24 May 2019

HKEJ Today: Highlights

Following is a summary of major news and comments in the Hong Kong Economic Journal, the parent publication of EJ Insight, on Friday, Dec. 27:


Poorer growth perception limits price hikes in festive season

Gloomy perception of the economic outlook next year has prompted retailers and caterers to be conservative in raising prices during the Christmas holidays, veterans in the sector said. Food and beverage, the largest category of consumption in the festive season, has seen a price hike of about 5 percent on average, compared with 10 to 15 percent last year. Meanwhile, exhibitors at the annual Hong Kong Brands and Products Expo said they have provided bigger discounts this year due to slower growth in retail sales, which expanded 11 percent in the first ten months from a year ago.

Hong Kong Disneyland gears up for more competition

Interview: Hong Kong Disneyland Resort will undertake, in phases from March to September next year, renovation for the first time since the theme park opened eight years ago, said Cecilia Ho, hotel operations general manager. The American amusement park and resort operator is facing fiercer competition from Ocean Park, which is building its first hotel in the city, and the Chimelong Ocean Kingdom theme park on Hengqin Island in Zhuhai. Ho, meanwhile, said the Hong Kong Disneyland is likely to post double-digit year-on-year growth in its hotel revenue during the Christmas holidays.


MPFs in Hong Kong yield better than HSI this year

The Mandatory Provident Funds in Hong Kong have, on average, posted a return rate of 6.42 percent as of Dec. 19 for this year, way beyond the 1 percent gain in the benchmark Hang Seng Index in the same period, data at Morningstar Asia Ltd. showed. The higher return was mainly driven by gains from the stock markets in Japan, Europe and the United States. Analysts expect more good performance from European and American stocks next year, while the Hong Kong and China markets are likely to outperform those in other Asian countries, such as India and Indonesia.

Hong Kong to legislate scripless regime in securities market

The Hong Kong government is expected to launch a legislation process to stipulate a scripless regime in the securities market in April next year. The new regime will allow retail investors to register individually as a shareholder, instead of the intermediaries they use, avoiding service or administrative charges on dividends paid out by listed companies. A proposal is due for tabling at the legislature next month, with a draft bill scheduled for submission in the second quarter next year. Market observers expect the whole legislation process to take one to two years as it involves three major ordinances regarding securities and futures, companies and stamp duties statutes.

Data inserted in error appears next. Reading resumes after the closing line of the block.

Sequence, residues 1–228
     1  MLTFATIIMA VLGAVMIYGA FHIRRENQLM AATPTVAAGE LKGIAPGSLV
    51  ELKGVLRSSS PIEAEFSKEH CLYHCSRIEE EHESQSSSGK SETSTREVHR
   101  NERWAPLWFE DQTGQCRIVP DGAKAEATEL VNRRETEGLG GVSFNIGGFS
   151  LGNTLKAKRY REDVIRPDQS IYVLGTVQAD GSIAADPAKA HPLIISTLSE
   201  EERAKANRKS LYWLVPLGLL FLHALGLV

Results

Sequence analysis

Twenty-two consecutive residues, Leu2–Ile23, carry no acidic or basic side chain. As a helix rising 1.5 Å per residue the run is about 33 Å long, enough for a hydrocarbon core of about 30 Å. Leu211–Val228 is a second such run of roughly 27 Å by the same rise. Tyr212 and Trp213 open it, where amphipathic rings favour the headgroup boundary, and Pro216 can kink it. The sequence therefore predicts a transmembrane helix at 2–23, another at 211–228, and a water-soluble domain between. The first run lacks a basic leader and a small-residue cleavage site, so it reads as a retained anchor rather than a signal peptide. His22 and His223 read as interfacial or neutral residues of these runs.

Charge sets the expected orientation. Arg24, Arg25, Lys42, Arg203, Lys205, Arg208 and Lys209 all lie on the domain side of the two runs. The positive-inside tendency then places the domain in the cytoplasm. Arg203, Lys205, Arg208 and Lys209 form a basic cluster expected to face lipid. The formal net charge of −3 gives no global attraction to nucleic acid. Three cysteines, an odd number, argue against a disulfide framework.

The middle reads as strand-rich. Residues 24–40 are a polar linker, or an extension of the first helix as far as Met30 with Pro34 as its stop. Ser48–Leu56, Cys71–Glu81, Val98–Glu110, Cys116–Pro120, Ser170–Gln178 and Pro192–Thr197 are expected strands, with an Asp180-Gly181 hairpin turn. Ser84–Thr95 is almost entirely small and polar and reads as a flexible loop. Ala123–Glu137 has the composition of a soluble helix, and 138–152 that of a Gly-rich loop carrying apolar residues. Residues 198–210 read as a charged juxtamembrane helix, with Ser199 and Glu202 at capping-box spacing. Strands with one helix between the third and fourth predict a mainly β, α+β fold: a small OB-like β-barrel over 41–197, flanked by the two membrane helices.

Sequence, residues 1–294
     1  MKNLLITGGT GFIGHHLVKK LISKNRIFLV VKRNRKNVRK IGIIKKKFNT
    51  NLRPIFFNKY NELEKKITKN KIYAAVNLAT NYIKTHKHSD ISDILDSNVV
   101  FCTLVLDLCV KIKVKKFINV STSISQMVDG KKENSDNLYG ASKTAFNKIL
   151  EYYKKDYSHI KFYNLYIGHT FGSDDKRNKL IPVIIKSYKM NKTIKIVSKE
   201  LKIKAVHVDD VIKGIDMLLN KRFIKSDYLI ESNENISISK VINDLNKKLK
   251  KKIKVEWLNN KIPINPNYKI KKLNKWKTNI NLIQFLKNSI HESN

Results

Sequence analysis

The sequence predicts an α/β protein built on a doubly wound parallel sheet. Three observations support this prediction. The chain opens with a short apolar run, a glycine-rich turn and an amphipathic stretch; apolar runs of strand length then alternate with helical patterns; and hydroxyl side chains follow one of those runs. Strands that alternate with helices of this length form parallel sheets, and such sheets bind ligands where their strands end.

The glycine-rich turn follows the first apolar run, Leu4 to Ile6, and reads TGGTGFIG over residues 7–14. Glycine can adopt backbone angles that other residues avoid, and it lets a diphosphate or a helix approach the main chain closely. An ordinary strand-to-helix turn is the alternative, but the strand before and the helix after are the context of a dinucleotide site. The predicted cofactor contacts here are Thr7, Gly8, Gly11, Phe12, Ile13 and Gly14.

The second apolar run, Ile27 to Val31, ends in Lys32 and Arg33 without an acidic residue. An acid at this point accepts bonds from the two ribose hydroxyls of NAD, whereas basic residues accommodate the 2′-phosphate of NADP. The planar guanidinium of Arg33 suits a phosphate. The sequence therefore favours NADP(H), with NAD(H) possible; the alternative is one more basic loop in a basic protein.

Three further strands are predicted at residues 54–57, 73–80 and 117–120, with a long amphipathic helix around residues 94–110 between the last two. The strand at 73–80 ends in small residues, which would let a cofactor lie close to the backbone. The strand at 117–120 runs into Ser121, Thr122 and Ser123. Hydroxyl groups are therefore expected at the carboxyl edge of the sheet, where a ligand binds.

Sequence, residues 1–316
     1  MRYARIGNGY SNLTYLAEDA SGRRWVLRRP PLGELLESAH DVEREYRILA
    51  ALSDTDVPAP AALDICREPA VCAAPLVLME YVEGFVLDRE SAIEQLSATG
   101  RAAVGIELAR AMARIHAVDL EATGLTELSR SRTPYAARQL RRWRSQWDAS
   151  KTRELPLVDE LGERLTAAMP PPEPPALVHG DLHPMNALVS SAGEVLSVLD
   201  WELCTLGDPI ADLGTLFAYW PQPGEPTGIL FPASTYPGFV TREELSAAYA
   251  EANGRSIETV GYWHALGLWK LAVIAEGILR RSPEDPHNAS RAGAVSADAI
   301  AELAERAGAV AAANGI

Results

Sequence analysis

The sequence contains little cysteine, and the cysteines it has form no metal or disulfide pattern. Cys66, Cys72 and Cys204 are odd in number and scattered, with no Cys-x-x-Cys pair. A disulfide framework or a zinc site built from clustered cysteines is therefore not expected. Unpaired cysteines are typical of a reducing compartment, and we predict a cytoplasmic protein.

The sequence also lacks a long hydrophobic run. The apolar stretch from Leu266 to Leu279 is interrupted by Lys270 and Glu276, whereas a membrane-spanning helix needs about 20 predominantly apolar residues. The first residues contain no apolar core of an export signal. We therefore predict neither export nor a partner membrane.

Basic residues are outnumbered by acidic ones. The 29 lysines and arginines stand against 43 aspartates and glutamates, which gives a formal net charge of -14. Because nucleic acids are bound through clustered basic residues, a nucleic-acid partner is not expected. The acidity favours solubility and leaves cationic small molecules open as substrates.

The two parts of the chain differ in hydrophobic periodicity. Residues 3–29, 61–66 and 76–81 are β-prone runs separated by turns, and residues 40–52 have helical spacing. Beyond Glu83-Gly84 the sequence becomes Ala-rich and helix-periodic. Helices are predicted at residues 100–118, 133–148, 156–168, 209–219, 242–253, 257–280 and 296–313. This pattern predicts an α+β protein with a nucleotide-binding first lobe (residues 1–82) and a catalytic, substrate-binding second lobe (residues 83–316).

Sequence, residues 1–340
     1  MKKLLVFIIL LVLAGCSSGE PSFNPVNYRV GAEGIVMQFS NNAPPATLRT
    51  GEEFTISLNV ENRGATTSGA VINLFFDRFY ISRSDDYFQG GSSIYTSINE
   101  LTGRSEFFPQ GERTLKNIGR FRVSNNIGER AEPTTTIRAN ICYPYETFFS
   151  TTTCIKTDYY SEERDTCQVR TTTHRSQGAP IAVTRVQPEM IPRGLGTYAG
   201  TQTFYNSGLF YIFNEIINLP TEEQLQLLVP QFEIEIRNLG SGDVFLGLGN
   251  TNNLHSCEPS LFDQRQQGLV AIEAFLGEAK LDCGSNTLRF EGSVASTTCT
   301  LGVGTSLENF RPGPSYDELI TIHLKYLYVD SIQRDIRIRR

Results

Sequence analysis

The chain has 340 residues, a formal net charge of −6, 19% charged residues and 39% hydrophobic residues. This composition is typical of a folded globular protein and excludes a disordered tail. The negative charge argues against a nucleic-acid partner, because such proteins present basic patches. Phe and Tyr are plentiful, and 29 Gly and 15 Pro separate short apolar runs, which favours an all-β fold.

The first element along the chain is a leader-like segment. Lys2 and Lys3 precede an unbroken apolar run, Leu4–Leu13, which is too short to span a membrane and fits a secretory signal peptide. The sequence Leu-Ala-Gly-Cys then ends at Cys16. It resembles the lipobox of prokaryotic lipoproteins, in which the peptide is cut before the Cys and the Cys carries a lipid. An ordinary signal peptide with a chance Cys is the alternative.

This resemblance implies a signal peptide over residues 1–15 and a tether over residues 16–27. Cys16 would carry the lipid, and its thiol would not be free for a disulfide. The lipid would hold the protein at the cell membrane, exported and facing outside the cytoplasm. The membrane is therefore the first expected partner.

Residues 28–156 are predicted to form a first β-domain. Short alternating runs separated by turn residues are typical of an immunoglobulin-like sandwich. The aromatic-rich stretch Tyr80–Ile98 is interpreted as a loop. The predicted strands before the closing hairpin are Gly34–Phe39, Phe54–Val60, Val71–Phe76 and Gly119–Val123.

MIIT grants mobile service license to 11 non-SOEs

The Ministry of Industry and Information Technology has given 11 non state-owned enterprises licenses to provide mobile telecommunications services, marking the first step in opening up the industry to newcomers. The new operators, which have all allied with either China Telecom Corp. Ltd. (00728.HK) or China Unicom (Hong Kong) Ltd. (00762.HK), include, a subsidiary of Alibaba Group Holding Ltd., Beijing Bewinner Communications Co. Ltd. (002148.CN) and Telling Telecommunication Holding Co. Ltd. (000829.CN). Seventeen other license applicants, including Suning Commerce Group Co. Ltd. (002024.CN) and GOME Electrical Appliances Holding Ltd. (00493.HK), that had teamed with China Mobile Ltd. (00941.HK), are not on the list.


Hong Kong must groom political talents for better governance, academic says

Interview: Hong Kong should take drastic steps to groom political talents in the next five to 10 years to help solve the structural problems in the city’s governance, said Lingnan University political scientist Li Pang-kwong. Li, a member of the newly-established All-China Hong Kong and Macau Research Association, said the past 16 years showed the rule of Hong Kong by businessman (Tung Chee-hwa), civil servant (Donald Tsang) and professional (Leung Chun-ying) have proved to be a failure. He said universities should introduce courses on the training of political talents. In the long-term, the city should move towards party politics, Li said.


Abe’s visit to Yasukuni Shrine to have adverse impact on Japan

The decision by Japanese Prime Minister Shinzo Abe to pay tribute to war criminals at the Yasukuni Shrine was a short-sighted move, which would worsen the country’s relations with China and South Korea. Abe’s move would steer the country further away from the path of peaceful development and pave the way for the revival of militarism. It would also cause restraints in Japan’s diplomacy, resulting in the isolation and the ultimate decline of the nation.


RTHK should withdraw HK$6 billion new building plan, Wong says

The government-run Radio Television Hong Kong should withdraw its proposal for HK$6 billion funding to build its new headquarters, former civil service minister Joseph Wong wrote. Wong said the increase of funding from the original HK$160 million to HK$6 billion, attributed to new facilities for digital broadcasting, needs further explanation from the broadcaster. It should also justify the need for five new radio channels and three new television channels. More important, Wong said RTHK should explain how it defines public service broadcasting and its scope.

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